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There are few holidays out there that are quite as divisive as Valentine’s Day.  Every year the arguments start up about the relevance of the holiday.  For every person you find that celebrates and enjoys the holiday you will find another who dismisses and is even disgusted by it as nothing more than a commercial holiday meant to sell candy and greeting cards.

The truth, in my opinion, lies somewhere in the middle.

The fact is very little is known about the St. Valentine who was martyred and buried on February 14 during the reign of Claudius.  In fact, there are several St. Valentines.  But, the truth of the matter is none of them have their feast days connected to the concept of romantic love, or anything like it, in the calendars of the early Catholic Church.

The connection to this concept is also something about which the experts have a certain amount of disagreement.  Some believe that the timing of the holiday was meant to “Christianize” the pagan holiday of Lupercalia, a fertility festival, much as the selection of December 25 for Christmas had done with the pagan Yule celebrations.  Others believe the connection has its roots in the High Middle Ages with Geoffrey Chaucer and his circle, particularly with his work “Parliament of Foules.”

Whatever the reasoning, the holiday became popular in England during the height of the concept of “courtly love.”  Traditionally there were gifts of flowers, sweets, and handwritten notes which, as you might guess, became known as valentines.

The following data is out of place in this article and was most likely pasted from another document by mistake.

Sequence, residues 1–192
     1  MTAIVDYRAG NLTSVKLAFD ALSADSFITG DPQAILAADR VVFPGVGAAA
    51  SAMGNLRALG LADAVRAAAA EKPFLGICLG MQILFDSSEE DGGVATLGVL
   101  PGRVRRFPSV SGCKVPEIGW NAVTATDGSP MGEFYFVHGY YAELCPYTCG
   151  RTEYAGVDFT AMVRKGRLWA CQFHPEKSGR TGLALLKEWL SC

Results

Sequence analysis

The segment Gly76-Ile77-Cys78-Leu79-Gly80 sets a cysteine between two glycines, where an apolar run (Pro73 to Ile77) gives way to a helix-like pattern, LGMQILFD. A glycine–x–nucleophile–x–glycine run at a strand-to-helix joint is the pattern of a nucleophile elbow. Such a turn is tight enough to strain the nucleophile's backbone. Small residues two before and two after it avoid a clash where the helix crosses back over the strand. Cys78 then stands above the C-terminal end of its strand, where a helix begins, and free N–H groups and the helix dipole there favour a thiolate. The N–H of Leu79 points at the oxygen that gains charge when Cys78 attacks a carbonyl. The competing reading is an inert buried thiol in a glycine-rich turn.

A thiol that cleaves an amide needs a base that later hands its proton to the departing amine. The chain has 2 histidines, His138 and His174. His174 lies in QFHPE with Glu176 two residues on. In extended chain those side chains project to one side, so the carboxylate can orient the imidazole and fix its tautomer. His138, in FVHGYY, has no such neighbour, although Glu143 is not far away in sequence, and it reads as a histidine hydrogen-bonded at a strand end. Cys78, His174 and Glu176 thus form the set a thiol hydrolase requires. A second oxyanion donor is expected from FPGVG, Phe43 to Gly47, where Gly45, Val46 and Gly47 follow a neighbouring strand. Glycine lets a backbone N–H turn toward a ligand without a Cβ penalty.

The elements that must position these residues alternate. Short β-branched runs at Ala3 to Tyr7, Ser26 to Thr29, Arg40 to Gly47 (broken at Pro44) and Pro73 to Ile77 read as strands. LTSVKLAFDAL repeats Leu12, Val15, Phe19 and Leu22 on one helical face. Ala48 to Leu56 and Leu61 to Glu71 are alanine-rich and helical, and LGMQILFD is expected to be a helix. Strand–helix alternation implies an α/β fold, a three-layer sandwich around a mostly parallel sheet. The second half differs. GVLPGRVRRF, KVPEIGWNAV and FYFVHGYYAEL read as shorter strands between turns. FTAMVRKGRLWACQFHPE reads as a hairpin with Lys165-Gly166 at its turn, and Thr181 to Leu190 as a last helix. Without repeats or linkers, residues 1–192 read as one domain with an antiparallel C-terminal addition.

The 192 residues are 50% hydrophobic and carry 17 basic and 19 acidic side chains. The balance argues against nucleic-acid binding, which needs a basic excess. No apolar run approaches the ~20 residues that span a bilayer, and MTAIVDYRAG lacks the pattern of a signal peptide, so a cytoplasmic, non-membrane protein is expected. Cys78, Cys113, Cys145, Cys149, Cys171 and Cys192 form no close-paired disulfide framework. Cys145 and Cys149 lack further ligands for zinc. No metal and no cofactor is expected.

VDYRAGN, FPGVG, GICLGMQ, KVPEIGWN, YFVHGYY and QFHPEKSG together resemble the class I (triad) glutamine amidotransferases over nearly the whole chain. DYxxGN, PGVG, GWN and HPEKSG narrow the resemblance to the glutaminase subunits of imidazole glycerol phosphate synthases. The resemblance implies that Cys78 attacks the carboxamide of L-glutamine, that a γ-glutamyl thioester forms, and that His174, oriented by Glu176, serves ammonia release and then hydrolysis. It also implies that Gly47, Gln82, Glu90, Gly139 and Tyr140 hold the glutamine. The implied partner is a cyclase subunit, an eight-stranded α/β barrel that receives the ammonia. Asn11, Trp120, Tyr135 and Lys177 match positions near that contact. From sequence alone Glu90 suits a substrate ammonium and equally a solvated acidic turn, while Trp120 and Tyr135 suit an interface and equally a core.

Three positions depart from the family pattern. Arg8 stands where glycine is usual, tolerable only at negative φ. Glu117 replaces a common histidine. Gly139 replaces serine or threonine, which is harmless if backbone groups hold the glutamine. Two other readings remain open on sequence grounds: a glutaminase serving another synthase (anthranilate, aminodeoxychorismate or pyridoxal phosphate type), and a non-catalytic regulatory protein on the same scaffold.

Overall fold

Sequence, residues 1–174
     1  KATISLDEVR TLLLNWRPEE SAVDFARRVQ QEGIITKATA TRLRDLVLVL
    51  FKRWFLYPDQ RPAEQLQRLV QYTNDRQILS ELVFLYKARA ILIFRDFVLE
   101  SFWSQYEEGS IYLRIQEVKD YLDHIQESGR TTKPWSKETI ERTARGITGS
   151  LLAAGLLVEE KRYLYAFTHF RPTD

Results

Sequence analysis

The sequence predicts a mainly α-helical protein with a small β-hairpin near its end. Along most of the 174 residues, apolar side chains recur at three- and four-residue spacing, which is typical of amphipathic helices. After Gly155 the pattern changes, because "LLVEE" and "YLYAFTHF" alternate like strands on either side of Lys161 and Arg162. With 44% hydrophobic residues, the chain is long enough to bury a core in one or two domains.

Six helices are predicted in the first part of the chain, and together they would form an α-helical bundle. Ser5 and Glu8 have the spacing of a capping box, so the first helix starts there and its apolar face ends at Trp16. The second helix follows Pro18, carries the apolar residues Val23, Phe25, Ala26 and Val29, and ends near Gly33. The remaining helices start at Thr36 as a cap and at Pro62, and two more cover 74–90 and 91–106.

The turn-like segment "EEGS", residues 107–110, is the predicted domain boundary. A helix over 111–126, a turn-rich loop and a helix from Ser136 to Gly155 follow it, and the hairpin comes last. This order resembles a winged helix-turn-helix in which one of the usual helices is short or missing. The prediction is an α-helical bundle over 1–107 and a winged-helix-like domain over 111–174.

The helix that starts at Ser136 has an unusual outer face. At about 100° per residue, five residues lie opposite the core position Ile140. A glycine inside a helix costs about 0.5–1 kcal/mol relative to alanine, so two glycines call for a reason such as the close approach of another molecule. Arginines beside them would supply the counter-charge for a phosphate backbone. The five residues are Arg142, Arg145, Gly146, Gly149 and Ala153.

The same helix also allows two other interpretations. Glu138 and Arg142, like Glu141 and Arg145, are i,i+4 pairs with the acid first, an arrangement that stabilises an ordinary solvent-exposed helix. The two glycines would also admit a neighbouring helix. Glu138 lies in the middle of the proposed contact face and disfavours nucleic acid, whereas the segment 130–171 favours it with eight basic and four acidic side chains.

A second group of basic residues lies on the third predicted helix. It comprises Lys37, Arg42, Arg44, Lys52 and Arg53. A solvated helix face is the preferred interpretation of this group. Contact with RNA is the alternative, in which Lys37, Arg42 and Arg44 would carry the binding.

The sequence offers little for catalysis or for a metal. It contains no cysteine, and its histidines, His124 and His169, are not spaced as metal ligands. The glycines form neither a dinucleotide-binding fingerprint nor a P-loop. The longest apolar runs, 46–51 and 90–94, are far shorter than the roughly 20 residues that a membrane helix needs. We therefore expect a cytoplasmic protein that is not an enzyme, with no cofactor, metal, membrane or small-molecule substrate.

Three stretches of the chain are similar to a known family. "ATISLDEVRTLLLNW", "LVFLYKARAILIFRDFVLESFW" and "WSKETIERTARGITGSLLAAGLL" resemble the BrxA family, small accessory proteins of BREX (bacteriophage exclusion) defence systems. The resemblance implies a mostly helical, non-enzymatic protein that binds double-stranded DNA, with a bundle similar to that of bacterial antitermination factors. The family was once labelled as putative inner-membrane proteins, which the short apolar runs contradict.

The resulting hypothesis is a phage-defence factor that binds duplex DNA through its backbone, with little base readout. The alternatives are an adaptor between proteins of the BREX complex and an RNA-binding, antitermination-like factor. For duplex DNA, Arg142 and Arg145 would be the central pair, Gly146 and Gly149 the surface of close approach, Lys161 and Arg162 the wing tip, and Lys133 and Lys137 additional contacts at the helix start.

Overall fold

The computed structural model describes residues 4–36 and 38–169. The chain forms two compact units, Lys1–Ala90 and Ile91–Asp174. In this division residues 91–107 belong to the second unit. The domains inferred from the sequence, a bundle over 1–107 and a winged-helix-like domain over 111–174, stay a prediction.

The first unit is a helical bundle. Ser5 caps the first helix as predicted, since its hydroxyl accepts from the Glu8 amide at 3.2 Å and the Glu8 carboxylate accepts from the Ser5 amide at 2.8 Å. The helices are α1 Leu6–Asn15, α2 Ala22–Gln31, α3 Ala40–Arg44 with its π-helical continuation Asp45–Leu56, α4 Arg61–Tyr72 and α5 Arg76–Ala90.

And then, in 1847, the American spirit of entrepreneurship got hold of the holiday.  It was in this year is Worcester, Massachusetts that an enterprising woman by the name of Esther Howland began producing and selling hand-made cards that were in the English tradition.

And, thus, the commercialization of the holiday began.

Today, we see it everywhere for a short while after Christmas and before Easter.  Every store has red and pink everywhere and you can’t escape from hearts, flowers, and cupid with his bow and arrow.  Even we geeks cannot entirely escape as MMO’s like World of Warcraft have in-game festivities like the “Love is in the Air” festival. 

So, yes, Valentine’s Day is, in many ways a creation.  A fiction.

But, at the same time, is it such a bad thing to set aside a day to recognize the love you have for that special someone in your life?  Leave the commercialization out of it.  Don’t buy into the Hallmark, pre-packaged, “romance in a box” approach.  But, take just a little time to make that person feel special in a way they may not have felt in a while with our overscheduled, overstressed, always on the run lives. 

Just try to remember the reason you are with them.  Recapture that love, and cherish it, if just for a few moments.


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